THERE WILL BE BLOOD (Paul Thomas Anderson, 2007)
Although his pipeline does not lead to God, oilman Daniel Plainview (Daniel Day-Lewis) possesses a prophet's gift for promising prosperity that will spring forth from the ground and rain down from the heavens. Upon finding his salvation at the bottom of a mine, a prospecting Daniel drags himself out of the earth and across the inhospitable landscape to follow his calling and earn his fortune. He may proclaim himself a family man and carry himself with religious conviction--not to be confused with religious belief--but make no mistake, Daniel worships mammon and will sacrifice anything for it.
Daniel's initial discovery in THERE WILL BE BLOOD pays off nicely. Within a few years he is running a successful operation, but real opportunity comes knocking when Daniel is offered a tip on some property where oil is believed to be plentiful and the owner is liable to sell the farm for a cheap price.
Sensing a big strike, Daniel and his son H.W. (Dillon Freasier) set out for the rural Little Boston. He has no difficulty persuading the Sunday family to sell him their ranch. The main concession he must make is to give financial assistance to a church that Eli Sunday (Paul Dano) wishes to build and lead. Before long Daniel gobbles up drilling rights in most of this rocky California desert land and appears well on his way to becoming filthy rich.
Beginning in a silver mine in 1898 and concluding in a lavish basement in 1927, THERE WILL BE BLOOD tracks the thirty-year descent of a man pursuing wealth at all costs. Day-Lewis' performance is one for the ages. Without a doubt, the ferocity he applies to this hateful man is responsible for much of his acting's power. Daniel savors his misanthropy and competitiveness like a lion feasting on a gazelle.
Electrifying as his monstrous moments are, Daniel Plainview isn't all bluster and scenery-chewing. Observe him as he sits back to size up everyone else, as he moves the focus from himself and onto those wishing to negotiate. He could sell water to a drowning man, but his skill is rooted in shrewdness in reading people and spotting their weaknesses rather than just talking a good game.
The ultimate scene in Day-Lewis' staggering performance comes when Daniel goes through the motions of pleading for Christ's forgiveness. He must put on a show so he can purchase a desperately needed slice of land. There's definitely a bemused quality in how he professes his desire to receive the blood and be cleansed. Yet there are glimpses of the vulnerability that he otherwise never allows to be visible. Daniel may be acting for the congregation, but the brilliance of this scene is how Day-Lewis slips in flashes of the character's acknowledgement that he knows he has not been a good father. It's devastating to witness and devastating for Daniel to feel. The rare soft cell he may have still had will turn hard from this point on.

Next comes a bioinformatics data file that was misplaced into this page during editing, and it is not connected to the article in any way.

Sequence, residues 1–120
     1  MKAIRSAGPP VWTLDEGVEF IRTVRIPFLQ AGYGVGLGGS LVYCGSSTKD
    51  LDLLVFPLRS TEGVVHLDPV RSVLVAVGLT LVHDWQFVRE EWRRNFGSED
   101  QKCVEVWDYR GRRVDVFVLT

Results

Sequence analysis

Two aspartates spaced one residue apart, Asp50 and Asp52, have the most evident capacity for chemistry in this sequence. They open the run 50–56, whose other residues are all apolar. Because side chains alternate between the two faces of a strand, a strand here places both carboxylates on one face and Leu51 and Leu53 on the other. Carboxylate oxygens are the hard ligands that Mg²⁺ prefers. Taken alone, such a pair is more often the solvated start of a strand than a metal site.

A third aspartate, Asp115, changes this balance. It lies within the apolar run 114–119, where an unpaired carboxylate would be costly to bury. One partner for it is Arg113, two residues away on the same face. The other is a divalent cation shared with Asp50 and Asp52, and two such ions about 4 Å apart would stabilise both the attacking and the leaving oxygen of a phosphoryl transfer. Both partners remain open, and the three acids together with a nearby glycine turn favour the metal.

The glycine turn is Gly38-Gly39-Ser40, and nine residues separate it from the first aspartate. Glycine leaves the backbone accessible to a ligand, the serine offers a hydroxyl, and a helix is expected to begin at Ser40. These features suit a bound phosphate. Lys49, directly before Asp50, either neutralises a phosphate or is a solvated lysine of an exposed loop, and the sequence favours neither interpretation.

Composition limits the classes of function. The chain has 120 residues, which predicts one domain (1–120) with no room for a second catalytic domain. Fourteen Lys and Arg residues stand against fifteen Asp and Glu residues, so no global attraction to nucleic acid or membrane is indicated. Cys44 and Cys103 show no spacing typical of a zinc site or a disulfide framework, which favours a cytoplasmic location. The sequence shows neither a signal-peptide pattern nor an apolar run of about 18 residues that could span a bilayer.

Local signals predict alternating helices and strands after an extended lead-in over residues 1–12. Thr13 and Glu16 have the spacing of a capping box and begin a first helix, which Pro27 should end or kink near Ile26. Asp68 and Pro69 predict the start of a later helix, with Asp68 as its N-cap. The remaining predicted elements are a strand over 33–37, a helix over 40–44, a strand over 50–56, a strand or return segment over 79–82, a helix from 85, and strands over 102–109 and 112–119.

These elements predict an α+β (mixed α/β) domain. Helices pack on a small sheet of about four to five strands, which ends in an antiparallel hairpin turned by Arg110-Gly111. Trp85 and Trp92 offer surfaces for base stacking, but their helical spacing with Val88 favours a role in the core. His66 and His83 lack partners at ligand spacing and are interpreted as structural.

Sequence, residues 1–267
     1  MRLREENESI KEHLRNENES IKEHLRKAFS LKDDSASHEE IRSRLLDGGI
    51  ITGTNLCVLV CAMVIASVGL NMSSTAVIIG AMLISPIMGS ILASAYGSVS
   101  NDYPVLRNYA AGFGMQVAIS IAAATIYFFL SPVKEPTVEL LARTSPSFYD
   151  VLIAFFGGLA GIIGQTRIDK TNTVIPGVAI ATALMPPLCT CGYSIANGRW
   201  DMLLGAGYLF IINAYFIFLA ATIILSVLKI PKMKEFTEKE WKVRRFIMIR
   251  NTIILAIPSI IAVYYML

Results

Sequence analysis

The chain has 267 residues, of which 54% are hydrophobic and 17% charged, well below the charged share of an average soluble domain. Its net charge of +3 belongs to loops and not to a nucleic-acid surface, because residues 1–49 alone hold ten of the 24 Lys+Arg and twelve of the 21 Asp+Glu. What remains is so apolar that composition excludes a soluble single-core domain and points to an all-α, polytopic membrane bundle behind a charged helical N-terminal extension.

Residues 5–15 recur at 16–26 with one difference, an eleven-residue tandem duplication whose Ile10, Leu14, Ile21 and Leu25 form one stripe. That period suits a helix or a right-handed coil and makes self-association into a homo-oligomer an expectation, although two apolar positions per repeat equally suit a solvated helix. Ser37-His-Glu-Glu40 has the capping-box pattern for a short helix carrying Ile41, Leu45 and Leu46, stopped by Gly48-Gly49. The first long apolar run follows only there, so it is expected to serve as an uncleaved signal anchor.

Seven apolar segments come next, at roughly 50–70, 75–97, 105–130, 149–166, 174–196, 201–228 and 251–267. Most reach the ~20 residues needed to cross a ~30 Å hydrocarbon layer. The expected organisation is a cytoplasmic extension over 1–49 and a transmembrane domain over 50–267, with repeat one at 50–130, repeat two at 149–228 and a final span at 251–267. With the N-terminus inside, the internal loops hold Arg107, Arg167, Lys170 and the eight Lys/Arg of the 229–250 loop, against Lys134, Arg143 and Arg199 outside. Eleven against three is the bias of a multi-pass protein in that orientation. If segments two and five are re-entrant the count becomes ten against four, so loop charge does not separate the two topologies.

Biblical in scope, THERE WILL BE BLOOD can be viewed as an etiological tale of contemporary corporate greed and the danger to organized religion when intermingling with capitalism, but the film is more compelling in how it connects to the past. The derrick functions as a temple near which the worker's tents are assembled and where sacrifices are given in the lives of the men killed on the job. So too does Daniel present H.W. as an offering. Never one to pass up exploring the fragile state of father-son relationships, writer-director Paul Thomas Anderson couldn't make it clearer what Daniel values when he abandons H.W. in his greatest time of need to bask in the eruption of oil and fire that rages like the spitting of an unholy beast in the bowels of hell.
On a formal level THERE WILL BE BLOOD is an astounding accomplishment. Cinematographer Robert Elswit finds beauty in the harsh panoramas and the blackness that emanates from Daniel. (The oilman's fireside declaration of misanthropy is devilishly lit.) Jack Fisk's detailed production design makes the era come alive so that the smell and taste of the air are tangible. Radiohead guitarist Jonny Greenwood's dissonant score scrapes and swells like Daniel's distaste for mankind.
Anderson, of course, brings it all together with his superb direction and a screenplay he adapted from Upton Sinclair's OIL! The first reel of THERE WILL BE BLOOD is nearly wordless, a bold choice that Anderson uses as a turn-of-the-century update to 2001: A SPACE ODYSSEY'S Dawn of Man sequence. He references other films--CHINATOWN and CITIZEN KANE most notably--yet this too is a way of showing the timelessness of the examined themes. THERE WILL BE BLOOD is a spectacular achievement that, at this early date, seems worthy to be mentioned alongside cinema's avowed masterpieces.